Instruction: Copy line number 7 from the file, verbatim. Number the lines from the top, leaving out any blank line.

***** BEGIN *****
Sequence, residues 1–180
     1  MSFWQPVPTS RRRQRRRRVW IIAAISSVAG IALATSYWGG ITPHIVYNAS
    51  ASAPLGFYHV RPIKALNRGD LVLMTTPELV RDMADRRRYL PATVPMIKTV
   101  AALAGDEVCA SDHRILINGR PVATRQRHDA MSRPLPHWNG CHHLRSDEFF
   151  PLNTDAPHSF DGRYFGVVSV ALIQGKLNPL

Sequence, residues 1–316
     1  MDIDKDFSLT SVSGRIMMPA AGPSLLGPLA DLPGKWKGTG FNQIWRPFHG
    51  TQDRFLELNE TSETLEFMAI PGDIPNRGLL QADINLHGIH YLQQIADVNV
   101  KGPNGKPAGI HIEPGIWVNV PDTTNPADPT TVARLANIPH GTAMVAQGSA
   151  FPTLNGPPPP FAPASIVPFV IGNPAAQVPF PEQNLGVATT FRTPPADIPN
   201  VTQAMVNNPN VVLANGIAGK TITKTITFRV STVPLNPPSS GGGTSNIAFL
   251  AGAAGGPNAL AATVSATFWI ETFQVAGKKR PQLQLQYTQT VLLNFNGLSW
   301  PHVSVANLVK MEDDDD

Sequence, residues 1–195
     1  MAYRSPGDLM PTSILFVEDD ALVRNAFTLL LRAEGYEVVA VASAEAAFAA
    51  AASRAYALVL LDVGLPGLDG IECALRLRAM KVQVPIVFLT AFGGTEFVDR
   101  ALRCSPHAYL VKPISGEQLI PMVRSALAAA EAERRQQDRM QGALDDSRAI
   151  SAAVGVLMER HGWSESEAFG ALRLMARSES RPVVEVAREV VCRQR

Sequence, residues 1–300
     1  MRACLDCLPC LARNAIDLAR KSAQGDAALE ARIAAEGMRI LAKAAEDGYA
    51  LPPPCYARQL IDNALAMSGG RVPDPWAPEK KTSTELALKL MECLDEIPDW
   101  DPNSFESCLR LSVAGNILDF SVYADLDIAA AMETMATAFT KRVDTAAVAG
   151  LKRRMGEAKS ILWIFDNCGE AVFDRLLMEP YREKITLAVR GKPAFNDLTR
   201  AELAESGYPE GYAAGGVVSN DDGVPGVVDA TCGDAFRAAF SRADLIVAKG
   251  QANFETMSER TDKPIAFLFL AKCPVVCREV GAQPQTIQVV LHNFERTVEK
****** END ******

     1  MDIDKDFSLT SVSGRIMMPA AGPSLLGPLA DLPGKWKGTG FNQIWRPFHG